The clock is ticking
U.S. unfunded pension liabilities exceed $6 trillion: Minnesota’s share is at least $118.7 billion.
Both Bloomberg Markets and the American Legislative Exchange Council (ALEC) agree: Minnesota’s 2016 unfunded pension liability for state and municipal employees (including most teachers) has well exceeded the $100 billion mark. ALEC says the 50 states have an accumulated shortfall of $6 trillion.
Bloomberg put the number at about $109.8 billion at the end of August, and now ALEC has released its figures at $188.7 billion. ALEC did not include the St. Paul Teachers fund because it is still technically “independent” of the state (the fund, which takes over $10 million in cash aid from state taxpayers every year admits to an unfunded liability of about $585,000; when calculated with a more reasonable risk rate, the shortfall is $1.7 million).
Given that the pension funds admit to only an unfunded liability for 2016 of about $18 billion, it is clear that the disagreement over how to calculate pension liabilities rages on unabated—and that we are not even having the same debate!
The authors of the ALEC report they used the actuarial figures reported by the pension funds but applied a more realistic risk rate to calculate the liabilities.
In case you are tempted to reject the ALEC report as the work of the “evil Koch brothers,” the ALEC report followed best practices recommended by the Blue Ribbon Panel on Public Pensions by the Society of Actuaries, the Mercatus Center and other well-regarded pension experts. The ALEC report used the U.S. Treasury bond rate of about 2.14 percent to calculate the liabilities (called a “risk” rate) instead of rates ranging from 7.55-8.5 percent used by Minnesota’s pension funds.
What if for sake of argument, we split the difference and said the unfunded liability was about $60 billion?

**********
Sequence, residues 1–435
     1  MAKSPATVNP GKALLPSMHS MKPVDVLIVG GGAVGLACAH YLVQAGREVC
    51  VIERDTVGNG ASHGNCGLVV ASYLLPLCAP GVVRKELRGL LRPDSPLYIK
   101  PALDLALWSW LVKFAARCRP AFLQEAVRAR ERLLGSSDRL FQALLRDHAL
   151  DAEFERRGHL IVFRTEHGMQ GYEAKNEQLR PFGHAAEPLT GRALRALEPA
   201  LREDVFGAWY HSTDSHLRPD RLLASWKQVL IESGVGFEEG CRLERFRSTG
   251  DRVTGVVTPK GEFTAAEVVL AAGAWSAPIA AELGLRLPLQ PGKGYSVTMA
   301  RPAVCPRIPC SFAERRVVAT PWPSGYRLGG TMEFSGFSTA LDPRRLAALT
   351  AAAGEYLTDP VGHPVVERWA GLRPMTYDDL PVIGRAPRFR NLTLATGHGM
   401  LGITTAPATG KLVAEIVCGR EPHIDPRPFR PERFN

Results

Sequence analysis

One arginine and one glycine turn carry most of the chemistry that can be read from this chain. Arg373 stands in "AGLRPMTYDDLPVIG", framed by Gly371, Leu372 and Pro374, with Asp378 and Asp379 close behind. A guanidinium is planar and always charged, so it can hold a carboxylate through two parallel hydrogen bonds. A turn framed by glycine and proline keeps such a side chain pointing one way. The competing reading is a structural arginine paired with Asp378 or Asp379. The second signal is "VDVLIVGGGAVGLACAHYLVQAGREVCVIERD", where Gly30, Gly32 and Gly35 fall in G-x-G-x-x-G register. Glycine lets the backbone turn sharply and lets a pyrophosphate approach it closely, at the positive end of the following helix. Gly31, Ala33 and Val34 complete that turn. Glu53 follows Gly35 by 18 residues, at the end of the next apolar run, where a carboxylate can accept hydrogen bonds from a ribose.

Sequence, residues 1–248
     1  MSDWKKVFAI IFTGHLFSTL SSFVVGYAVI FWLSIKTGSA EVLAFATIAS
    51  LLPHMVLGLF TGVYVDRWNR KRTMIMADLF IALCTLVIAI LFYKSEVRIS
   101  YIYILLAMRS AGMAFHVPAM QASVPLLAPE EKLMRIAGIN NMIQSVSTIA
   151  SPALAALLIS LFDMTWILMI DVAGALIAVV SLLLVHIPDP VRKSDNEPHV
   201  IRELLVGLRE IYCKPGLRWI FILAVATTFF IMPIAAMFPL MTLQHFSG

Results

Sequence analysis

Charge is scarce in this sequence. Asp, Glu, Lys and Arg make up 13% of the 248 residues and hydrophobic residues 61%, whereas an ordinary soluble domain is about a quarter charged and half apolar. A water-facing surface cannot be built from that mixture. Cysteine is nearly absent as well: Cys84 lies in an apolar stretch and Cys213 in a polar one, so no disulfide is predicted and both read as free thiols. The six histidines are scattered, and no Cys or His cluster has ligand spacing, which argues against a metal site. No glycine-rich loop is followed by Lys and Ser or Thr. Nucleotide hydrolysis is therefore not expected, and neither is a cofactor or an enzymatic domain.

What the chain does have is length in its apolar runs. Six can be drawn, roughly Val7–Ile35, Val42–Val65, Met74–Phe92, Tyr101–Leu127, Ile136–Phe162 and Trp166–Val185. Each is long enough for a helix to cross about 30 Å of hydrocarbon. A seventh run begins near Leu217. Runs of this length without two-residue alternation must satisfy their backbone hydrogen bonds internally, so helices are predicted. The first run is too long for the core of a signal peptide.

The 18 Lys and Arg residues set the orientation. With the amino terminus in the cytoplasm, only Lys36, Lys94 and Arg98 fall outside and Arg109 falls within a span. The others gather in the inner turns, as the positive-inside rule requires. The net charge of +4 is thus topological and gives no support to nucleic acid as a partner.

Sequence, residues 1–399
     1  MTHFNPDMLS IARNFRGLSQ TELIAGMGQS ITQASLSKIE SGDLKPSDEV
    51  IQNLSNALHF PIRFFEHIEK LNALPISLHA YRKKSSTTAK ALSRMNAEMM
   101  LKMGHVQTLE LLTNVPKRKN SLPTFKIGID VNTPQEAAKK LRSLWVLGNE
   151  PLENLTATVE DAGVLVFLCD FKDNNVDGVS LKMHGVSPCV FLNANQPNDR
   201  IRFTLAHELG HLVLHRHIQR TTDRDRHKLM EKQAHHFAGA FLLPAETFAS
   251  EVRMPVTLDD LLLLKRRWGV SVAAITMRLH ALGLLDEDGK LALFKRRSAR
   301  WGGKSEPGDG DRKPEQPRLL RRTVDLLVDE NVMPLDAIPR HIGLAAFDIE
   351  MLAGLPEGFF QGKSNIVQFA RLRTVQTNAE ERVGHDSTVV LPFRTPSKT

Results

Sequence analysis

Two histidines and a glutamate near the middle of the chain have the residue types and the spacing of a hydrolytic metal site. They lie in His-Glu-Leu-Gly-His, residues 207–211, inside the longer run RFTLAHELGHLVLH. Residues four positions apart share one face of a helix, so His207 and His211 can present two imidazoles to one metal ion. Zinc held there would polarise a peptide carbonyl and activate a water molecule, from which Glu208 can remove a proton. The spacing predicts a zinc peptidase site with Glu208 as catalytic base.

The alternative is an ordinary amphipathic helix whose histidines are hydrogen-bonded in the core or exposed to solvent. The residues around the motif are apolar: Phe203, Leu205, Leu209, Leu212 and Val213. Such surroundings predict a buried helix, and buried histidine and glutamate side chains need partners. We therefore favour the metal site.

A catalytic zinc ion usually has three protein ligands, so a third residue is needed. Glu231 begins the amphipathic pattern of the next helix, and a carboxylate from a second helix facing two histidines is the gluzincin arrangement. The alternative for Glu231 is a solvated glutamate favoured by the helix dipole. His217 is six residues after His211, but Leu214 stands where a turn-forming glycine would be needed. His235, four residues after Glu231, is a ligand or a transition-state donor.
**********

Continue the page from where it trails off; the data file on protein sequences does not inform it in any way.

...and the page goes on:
Would that get the attention of voters, public employees, legislators? I think the government union executives from AFSCME, SEIU and the AFL-CIO already know the math but they are keeping their members in the dark. It is too hard to explain, and everyone is hoping they will be long gone before the pension tsunami hits. Who wants to admit that the state has failed to properly manage these pension funds?
The 2017 valuations are just starting to appear on the pension commission website. So, while the legislative session is still a few months away, the pension funds and commission are busy preparing for what will surely be another very tough conversation around the health of these very important funds. And whatever they come up with will not move the needle. Until we stop digging a hole by moving new employees to defined contribution plans, the rate at which the liability grows will just increase.
I will continue to testify that this is the biggest financial problem the state faces that no one knows about—and the hardest thing we will ever fix. Why? Because more than 11 percent of Minnesotans— real people who have worked for government, or work for government now—are counting on these pensions. Minnesota has failed to make annual payments as a matter of course for more than a decade.
With every paycheck, public employees faithfully hand over a percentage of their pay, and taxpayers match or exceed that contribution. Both parties should be able to trust that the pension funds, employers and the State of Minnesota, have wisely set the right contribution rates, actually paid the full contribution each year and prudently invested the funds so when retirement finally comes, teachers, cops and the rest of our state and municipal workforce have the pension they were promised.
If that were the case, we would not have an unfunded liability no matter how you cut it.